I have a great reputation with the staff of the group and am close friends with several of them. My background impressed the middle management hiring managers and HR. My wife also has a great reputation with both. This company is one that I would like to work for full time, and this type of work is exactly what I want to do as a career. The group still wants to hire me when it can, but it’s somewhat out of their control. This is a very odd, uncomfortable situation because it is so close to my dream job, but isn't, due to not being paid. Its sort of the uncanny valley of careers.

While I’m trying to reframe it as “The first [glass] is free”, I’m having trouble reconciling myself to this given the shenanigans with trying to get hired on, even though the project would result in something all-around pretty cool.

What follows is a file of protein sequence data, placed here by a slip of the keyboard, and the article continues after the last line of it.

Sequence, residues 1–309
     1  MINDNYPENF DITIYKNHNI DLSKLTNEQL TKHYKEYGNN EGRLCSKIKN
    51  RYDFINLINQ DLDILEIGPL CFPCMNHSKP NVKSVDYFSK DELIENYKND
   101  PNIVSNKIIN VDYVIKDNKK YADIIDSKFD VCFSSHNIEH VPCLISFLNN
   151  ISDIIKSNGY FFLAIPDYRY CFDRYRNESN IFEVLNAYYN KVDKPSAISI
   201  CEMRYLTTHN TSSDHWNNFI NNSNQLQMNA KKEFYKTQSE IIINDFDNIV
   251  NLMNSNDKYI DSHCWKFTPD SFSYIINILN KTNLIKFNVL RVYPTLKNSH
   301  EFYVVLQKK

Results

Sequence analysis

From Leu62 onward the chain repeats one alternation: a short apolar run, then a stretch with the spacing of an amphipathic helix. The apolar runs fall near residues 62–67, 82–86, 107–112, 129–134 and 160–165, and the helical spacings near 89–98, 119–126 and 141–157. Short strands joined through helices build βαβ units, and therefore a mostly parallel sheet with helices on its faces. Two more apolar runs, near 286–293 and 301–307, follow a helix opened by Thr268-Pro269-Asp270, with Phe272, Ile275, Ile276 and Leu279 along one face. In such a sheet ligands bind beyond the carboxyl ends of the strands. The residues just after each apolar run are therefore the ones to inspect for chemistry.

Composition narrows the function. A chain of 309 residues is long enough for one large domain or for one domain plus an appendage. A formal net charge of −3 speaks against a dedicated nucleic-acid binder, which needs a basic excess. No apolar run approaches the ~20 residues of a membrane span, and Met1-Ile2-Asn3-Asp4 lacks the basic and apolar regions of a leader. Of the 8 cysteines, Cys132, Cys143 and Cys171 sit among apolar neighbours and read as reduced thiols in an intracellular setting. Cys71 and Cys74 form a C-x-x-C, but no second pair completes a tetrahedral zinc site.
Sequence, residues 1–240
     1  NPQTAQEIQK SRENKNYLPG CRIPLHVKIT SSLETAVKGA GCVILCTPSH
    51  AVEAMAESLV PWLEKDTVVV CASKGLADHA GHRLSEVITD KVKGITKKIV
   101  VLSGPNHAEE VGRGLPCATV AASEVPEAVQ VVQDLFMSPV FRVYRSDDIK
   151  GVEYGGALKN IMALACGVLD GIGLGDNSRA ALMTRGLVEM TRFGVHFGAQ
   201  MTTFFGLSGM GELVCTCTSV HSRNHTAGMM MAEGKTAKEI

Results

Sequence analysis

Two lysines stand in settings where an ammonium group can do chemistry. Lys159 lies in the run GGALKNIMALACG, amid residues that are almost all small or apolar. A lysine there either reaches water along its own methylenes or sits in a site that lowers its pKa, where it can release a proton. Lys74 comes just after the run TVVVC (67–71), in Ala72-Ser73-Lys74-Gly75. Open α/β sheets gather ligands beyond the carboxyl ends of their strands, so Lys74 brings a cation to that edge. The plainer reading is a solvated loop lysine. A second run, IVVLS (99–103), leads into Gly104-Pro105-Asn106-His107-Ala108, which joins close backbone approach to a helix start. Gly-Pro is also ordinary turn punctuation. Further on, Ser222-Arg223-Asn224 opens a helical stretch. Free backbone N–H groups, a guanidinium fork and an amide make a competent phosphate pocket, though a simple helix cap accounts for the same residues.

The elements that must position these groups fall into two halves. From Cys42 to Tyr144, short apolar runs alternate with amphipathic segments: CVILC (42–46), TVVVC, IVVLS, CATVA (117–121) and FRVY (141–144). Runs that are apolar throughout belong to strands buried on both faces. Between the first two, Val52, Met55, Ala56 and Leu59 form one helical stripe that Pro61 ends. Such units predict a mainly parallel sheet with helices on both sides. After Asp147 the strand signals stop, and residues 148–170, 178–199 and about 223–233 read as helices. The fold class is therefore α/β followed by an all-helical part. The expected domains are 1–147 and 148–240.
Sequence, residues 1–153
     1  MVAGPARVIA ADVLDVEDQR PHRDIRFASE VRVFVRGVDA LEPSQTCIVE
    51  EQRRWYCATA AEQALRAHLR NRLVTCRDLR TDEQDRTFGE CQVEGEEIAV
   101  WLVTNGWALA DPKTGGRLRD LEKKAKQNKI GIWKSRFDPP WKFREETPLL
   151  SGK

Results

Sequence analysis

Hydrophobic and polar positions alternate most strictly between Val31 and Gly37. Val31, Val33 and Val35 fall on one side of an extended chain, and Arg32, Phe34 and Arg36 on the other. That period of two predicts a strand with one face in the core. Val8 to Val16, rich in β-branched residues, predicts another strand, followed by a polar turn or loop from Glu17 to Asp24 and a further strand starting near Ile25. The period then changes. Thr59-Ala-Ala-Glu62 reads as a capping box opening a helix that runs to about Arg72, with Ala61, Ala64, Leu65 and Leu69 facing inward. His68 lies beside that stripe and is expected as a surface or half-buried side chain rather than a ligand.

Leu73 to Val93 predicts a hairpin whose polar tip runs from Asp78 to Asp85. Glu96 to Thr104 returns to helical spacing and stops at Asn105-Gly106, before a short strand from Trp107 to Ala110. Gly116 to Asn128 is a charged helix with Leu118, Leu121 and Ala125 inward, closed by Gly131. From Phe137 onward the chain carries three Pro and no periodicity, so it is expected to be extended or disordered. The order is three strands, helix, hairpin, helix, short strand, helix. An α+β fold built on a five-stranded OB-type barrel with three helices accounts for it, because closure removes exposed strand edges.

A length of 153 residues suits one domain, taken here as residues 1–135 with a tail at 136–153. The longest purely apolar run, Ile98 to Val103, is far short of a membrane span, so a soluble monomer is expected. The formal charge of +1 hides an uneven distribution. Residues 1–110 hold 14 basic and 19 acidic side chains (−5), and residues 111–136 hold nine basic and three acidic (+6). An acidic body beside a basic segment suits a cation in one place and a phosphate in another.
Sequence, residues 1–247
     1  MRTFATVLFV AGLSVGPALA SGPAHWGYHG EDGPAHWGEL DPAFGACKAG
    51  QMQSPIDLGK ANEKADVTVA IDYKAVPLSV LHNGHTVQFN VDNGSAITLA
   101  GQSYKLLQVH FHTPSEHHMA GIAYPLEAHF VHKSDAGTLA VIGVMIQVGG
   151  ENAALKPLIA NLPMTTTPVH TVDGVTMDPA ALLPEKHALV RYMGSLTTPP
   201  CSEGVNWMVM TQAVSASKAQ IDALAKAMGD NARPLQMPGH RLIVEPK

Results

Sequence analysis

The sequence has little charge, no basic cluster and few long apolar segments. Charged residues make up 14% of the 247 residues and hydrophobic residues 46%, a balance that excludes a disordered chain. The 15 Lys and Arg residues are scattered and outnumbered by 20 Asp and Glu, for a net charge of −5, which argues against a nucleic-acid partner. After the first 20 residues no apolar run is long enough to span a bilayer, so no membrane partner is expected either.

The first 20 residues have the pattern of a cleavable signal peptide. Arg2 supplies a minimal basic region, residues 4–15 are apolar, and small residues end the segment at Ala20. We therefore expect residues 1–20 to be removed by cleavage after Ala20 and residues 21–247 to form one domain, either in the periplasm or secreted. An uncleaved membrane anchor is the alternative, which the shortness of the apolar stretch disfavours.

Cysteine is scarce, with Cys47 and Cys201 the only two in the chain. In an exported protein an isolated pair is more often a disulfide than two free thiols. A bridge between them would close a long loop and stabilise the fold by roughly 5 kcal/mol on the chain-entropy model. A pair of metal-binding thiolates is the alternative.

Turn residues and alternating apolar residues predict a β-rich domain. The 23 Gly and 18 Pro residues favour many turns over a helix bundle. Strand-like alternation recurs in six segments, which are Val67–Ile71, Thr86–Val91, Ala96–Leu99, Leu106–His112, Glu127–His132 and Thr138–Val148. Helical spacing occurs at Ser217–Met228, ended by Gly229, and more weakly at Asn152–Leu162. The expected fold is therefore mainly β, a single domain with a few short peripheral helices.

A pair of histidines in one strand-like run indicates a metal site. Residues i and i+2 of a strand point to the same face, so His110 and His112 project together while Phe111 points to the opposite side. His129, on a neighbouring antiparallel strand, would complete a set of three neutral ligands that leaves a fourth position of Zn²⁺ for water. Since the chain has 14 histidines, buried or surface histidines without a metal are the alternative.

This is the hardest moral/ethical dilemma I’ve had in a long time. Should I do the project? What should I do to become okay with it and not feel used?

Anonymous email: firstglassfree at gmail
posted by anonymous to Work & Money (15 answers total) 2 users marked this as a favorite
So, someone at the company (other than your wife) has asked you to do this really cool, but super time-consuming and technical, project, for no compensation? That sounds like crazy-talk to me. They can't even pay you as a contractor?
posted by leahwrenn at 2:42 PM on October 5, 2011 [3 favorites]